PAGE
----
NETWORK Rail has urged passengers to plan ahead and travel only if necessary as there was ‘no real hope’ of avoiding the biggest railway strike in 30 years next week, according to a report.
Network Rail confirmed that large parts of Great Britain will have no passenger services on strike days. These include locations such as Penzance in Cornwall, Bournemouth in Dorset, all of Wales west or north of Cardiff, and no passenger trains running north from Glasgow or Edinburgh, The Guardian reported.
Operators including Southern, Northern, TransPennine and Transport for Wales have already told passengers not to attempt to travel on strike days.
With backup staff for signalling, about 20 per cent of trains will run on mainlines and urban areas on the strike days – 21, 23 and 25 June – while services will start later in the morning, with about 60 per cent of the schedule on the subsequent days, the report added.
According to Andrew Haines, chief executive of Network Rail, the strike by 40,000 RMT workers is a ‘high-stakes gamble’, which would cost the industry £150 million and make a pay increase harder.
He added that talks would continue but they haven’t seen any movement which gives hope.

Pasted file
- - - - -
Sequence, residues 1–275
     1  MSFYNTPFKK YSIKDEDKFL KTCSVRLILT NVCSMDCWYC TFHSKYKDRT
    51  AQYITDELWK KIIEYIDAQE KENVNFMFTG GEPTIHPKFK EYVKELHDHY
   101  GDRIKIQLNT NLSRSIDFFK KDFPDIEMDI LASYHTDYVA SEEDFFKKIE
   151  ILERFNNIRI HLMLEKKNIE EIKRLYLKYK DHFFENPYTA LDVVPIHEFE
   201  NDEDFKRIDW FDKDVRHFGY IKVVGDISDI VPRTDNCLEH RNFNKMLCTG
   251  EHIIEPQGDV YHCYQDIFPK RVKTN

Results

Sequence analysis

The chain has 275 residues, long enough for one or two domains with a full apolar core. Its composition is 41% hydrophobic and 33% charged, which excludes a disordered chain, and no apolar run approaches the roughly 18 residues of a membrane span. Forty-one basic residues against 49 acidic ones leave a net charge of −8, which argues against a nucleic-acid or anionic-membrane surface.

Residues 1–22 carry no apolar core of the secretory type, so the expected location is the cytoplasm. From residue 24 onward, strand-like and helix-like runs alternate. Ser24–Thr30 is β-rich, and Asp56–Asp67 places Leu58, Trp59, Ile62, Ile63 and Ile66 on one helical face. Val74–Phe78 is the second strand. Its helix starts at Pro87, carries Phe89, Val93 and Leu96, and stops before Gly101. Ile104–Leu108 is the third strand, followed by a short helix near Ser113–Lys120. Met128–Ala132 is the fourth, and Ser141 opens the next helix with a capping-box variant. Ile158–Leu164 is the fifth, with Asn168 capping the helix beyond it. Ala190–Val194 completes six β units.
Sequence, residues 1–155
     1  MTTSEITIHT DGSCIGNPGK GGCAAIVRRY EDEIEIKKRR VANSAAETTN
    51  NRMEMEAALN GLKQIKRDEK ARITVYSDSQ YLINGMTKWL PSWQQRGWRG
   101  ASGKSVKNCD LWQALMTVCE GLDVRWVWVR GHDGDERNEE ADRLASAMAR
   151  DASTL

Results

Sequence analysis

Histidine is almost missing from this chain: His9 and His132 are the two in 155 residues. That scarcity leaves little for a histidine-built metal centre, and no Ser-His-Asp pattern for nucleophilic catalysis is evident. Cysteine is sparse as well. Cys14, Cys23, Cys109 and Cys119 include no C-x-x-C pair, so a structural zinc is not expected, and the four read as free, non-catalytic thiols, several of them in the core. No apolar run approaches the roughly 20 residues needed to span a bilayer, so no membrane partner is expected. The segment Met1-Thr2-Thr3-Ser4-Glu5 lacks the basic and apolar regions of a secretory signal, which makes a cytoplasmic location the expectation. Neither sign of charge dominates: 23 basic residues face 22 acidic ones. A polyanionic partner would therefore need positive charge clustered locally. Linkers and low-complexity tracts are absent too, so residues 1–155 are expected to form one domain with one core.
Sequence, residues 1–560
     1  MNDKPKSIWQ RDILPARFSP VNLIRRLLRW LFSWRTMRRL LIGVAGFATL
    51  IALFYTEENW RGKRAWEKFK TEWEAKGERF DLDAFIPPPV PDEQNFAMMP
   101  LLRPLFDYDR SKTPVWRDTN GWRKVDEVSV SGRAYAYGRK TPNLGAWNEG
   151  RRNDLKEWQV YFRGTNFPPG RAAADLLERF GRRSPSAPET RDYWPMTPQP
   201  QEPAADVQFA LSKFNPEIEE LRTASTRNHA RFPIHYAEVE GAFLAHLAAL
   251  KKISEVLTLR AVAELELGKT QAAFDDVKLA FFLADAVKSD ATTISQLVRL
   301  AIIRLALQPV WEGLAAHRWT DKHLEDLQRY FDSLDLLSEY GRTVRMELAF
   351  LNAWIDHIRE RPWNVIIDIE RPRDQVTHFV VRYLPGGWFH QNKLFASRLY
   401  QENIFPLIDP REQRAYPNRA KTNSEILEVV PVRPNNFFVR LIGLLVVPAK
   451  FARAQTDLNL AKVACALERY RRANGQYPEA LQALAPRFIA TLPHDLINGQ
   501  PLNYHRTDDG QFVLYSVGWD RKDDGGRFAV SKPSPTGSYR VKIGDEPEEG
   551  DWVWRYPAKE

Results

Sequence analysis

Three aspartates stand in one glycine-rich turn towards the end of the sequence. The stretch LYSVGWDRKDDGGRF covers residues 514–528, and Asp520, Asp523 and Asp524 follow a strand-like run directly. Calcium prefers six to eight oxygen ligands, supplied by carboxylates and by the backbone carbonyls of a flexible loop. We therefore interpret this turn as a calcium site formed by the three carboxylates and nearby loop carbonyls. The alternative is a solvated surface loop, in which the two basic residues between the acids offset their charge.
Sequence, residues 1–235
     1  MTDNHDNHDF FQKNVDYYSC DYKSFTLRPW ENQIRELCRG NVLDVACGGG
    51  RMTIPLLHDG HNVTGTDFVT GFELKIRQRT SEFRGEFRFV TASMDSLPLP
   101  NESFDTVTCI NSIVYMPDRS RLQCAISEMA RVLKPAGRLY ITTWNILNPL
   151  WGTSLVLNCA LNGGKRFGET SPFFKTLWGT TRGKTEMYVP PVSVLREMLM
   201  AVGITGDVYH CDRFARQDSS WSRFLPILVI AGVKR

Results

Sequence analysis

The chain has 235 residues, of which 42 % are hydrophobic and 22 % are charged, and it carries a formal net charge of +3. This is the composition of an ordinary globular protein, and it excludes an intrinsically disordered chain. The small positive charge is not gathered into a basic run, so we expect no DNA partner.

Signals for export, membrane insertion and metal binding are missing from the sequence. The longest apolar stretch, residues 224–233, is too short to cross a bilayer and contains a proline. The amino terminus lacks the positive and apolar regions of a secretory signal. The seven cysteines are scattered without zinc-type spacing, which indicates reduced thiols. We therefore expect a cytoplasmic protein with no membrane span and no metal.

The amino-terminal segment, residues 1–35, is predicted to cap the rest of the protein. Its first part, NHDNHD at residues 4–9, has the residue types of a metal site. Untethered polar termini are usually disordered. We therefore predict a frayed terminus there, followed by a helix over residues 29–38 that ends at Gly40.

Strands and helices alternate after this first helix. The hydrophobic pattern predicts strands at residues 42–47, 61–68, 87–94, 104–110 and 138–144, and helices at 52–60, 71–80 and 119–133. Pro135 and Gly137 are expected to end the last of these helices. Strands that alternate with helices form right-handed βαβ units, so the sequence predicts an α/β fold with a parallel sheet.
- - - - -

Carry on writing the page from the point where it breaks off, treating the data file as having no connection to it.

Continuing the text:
The RMT called for direct talks with the government, saying it was “clear that the Treasury is calling the shots”.
Mick Lynch, the RMT’s general secretary, wrote to the transport secretary, Grant Shapps, to seek an urgent meeting.
The last meeting between unions and the government was with the rail minister Wendy Morton in March.
Labour accused the government of a “dereliction of duty” for failing to hold talks to resolve the strike.
The Guardian reported that the number of passenger services on the strike days is expected to be about 4,500 compared with 20,000 normally.
The last services between London and Scotland will leave by 2 pm, while most intercity trains in England will have their final departure mid-afternoon.
“Working with Network Rail, our plan is to keep as many services running as possible but significant disruption will be inevitable and some parts of the network will not have a service, so passengers should plan their journeys carefully and check their train times,” Steve Montgomery, who chairs the industry body the Rail Delivery Group, was quoted as saying by the Guardian.
Montgomery added that these strikes will affect the millions of people who use the train each day.